Here, Honester has met his burden of showing that trial counsel's failure to file a plea in bar was not the result of reasonable professional judgment. As counsel's uncontradicted testimony at the ineffective assistance hearing established, he exercised no professional judgment at all with regard to filing a plea in bar. Rather, as he admitted, he had no reason for such an omission and failed to file a plea in bar simply because it never “crossed [his] mind.” Because counsel's failure to file a plea in bar was the result of oversight and not the result of some trial tactic or reasonable professional judgment, such failure constitutes deficient performance. See Henderson v. Hames, 287 Ga. 534, 539–540(3), 697 S.E.2d 798 (2010) (failure to raise issue was not a reasonable tactic or trial strategy where counsel admitted that he simply “failed to notice” the legal issue).
Honester must also show that counsel's deficient performance prejudiced his defense. Mattox, supra. As no plea in bar was filed, the merits of such a plea are not directly before us. Rather we must decide whether Honester has shown that there is a reasonable probability that the outcome below would have been different if counsel had filed a plea in bar.
In that light we examine the propriety of the trial court's sua sponte declaration of a mistrial, over Honester's objection, in the first trial. Once jeopardy has attached, a mistrial may be declared over the defendant's objection only in cases of manifest necessity.
Once a defendant's jury is impaneled and sworn, jeopardy attaches, and he is entitled to be acquitted or convicted by that jury. If a mistrial is declared without a defendant's consent or over his objection, the defendant may be retried only if there was a manifest necessity for the mistrial. A manifest necessity to declare a mistrial may exist under urgent circumstances, such as where an impartial verdict cannot be reached. Because of the severe consequences of ordering a mistrial without the accused's consent, a trial court should give careful, deliberate, and studious consideration to whether the circumstances demand a mistrial, with a keen eye toward other, less drastic, alternatives. The state bears the heavy burden of showing such manifest necessity where, as here, a mistrial is granted over the defendant's objection. It is also within the trial court's discretion to determine whether a jury is hopelessly deadlocked, thus necessitating a mistrial. The decisive factor is not the length of the deliberation, but the inability of the jury to agree on a verdict.
Johnson v. State, 256 Ga.App. 730, 731–732, 569 S.E.2d 625 (2002) (citations and punctuation omitted).
A trial court's judgment about whether there was manifest necessity to grant a mistrial is entitled to great deference. A trial judge has acted within his sound discretion in rejecting possible alternatives and in granting a mistrial, if reasonable judges could differ about the proper disposition, even though in a strict, literal sense, the mistrial is not necessary. This great deference means that the availability of another alternative does not without more render a mistrial order an abuse of sound discretion.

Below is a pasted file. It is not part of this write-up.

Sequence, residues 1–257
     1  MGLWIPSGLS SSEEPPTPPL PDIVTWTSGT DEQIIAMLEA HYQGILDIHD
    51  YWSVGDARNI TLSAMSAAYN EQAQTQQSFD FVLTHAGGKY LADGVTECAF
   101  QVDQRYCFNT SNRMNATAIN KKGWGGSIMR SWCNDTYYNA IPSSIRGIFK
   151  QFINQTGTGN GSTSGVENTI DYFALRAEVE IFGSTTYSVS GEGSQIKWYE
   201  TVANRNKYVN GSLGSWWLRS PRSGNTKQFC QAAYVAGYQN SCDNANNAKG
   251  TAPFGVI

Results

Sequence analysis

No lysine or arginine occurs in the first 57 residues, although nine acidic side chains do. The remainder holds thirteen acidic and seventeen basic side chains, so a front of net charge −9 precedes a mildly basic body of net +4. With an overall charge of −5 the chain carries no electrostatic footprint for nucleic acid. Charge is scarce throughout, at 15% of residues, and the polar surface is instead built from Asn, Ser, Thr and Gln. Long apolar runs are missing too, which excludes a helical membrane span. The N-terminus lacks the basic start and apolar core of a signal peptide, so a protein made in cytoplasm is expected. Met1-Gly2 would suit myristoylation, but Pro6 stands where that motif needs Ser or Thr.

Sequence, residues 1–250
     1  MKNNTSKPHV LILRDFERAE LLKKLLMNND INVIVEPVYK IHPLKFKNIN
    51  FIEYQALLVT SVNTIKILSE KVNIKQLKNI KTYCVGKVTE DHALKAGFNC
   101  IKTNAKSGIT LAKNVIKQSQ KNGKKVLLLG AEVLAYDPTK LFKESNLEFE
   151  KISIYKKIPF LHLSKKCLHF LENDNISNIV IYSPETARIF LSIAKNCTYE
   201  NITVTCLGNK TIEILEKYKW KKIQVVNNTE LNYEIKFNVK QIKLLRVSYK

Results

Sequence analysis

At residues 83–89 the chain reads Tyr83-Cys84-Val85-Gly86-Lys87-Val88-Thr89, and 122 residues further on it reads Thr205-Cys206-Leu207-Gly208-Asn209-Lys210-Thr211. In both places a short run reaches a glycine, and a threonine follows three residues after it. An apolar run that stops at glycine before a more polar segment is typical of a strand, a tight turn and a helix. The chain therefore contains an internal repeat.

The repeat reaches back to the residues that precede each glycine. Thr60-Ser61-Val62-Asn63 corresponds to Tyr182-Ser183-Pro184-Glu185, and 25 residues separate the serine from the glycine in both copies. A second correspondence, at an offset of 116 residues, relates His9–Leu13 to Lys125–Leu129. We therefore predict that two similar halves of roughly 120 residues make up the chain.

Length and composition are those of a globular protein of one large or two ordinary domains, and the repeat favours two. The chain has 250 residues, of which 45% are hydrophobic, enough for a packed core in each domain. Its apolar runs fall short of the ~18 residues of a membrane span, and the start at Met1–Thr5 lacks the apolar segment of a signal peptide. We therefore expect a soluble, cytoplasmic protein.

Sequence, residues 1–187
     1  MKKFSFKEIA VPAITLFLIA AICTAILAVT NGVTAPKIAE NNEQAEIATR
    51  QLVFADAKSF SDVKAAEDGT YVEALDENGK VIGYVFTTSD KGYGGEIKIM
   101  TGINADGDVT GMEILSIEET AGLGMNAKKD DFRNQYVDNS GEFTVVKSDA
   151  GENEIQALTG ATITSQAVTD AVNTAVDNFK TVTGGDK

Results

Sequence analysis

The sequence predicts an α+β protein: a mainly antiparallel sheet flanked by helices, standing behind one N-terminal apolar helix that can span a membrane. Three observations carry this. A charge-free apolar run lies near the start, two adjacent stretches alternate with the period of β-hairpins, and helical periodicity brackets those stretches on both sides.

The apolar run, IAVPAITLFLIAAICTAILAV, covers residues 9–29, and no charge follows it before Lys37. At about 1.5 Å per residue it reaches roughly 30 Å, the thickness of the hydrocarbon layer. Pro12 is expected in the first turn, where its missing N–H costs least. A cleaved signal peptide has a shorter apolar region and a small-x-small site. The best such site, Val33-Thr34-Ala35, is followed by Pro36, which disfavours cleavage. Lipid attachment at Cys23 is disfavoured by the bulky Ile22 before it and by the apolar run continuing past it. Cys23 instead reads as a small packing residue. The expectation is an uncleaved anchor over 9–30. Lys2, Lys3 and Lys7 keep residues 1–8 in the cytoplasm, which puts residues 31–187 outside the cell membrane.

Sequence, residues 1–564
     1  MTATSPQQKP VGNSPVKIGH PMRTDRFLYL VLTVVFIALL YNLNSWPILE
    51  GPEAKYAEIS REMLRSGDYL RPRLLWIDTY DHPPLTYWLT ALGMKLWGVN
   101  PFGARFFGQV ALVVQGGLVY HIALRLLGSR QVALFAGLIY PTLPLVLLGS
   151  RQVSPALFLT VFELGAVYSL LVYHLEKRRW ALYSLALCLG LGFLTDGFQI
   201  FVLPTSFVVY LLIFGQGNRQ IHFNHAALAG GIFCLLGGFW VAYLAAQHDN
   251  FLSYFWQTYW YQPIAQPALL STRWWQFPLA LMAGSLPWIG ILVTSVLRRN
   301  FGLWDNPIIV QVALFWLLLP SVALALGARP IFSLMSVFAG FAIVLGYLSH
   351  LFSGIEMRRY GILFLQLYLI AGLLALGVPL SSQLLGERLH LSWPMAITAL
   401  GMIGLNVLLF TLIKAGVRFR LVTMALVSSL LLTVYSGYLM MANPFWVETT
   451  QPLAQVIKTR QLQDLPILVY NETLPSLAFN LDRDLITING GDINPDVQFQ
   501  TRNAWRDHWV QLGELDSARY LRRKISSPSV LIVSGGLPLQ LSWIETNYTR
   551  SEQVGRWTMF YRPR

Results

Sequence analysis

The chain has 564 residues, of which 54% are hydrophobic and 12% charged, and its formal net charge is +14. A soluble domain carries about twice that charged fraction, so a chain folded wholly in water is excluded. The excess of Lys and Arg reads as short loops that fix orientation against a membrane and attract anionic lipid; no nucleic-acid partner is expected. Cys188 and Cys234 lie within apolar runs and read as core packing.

Ogletree v. State, 300 Ga.App. 365, 366, 685 S.E.2d 351 (2009) (citation and punctuation omitted, emphasis supplied).
In the instant case, while the trial judge's decision to grant a mistrial is entitled to great deference, there existed not only less drastic alternatives, but other factors which arguably rendered the grant of a mistrial an abuse of discretion. The first of those other factors was the trial court's error in asking the jury the precise nature of its vote as to guilt and innocence. “The law is clear in this state that a trial court may, after the jury has had a case under consideration and indicates that it is unable to agree on a verdict, inquire how the jury stands numerically.” Gibson v. State, 272 Ga. 801, 802(2), 537 S.E.2d 72 (2000) (citations and punctuation omitted). But “[t]rial courts should not, of course, inquire as to the nature of a jury's numerical division. And we encourage them to inform jurors not to reveal that information.” Sears v. State, 270 Ga. 834, 839(1), n. 1, 514 S.E.2d 426 (1999) (citations omitted). Here, the trial court not only failed to inform the jurors not to reveal the nature of their votes as to guilt or innocence, but expressly solicited such information over Honester's objection. Compare Gibson, supra (trial court properly asked jurors for numerical breakdown of their vote, while specifically cautioning them not to state whether vote favored acquittal or conviction). After the jury provided the improper information requested by the court, indicating a vote of eleven to one in favor of acquittal, the state immediately withdrew its earlier request for an Allen charge, and a short time later the trial court acquiesced in the state's newfound position.
The trial court also compounded its error by failing to follow “the better practice [of] consider[ing] carefully the factors listed in Thornton v. State, 145 Ga.App. 793, 795, 245 S.E.2d 22 (1978) before declaring a mistrial.” Hurston v. State, 206 Ga.App. 570, 571(1), 426 S.E.2d 196 (1992). Although not mandatory, pursuant to Thornton, supra,
[w]hen the trial court is informed of a deadlock, the following are among the steps to be taken in deciding whether to order a mistrial or to require the jury to deliberate further: (1) polling the jurors or questioning them as a group to determine whether additional time would be helpful; (2) considering whether the jury is so exhausted that the free will of the minority might be overcome; (3) considering the length of the trial and the complexity of the case; and (4) considering the length of time the jury has deliberated.
Albert v. State, 180 Ga.App. 779, 786(8), 350 S.E.2d 490 (1986) (citations and punctuation omitted). Here, the trial court took none of these steps, and instead sent the jury a second note asking if anyone was refusing to deliberate. Upon receiving the jury's response that no one was refusing to deliberate, the trial judge made no further inquiries of the jury and declared a mistrial.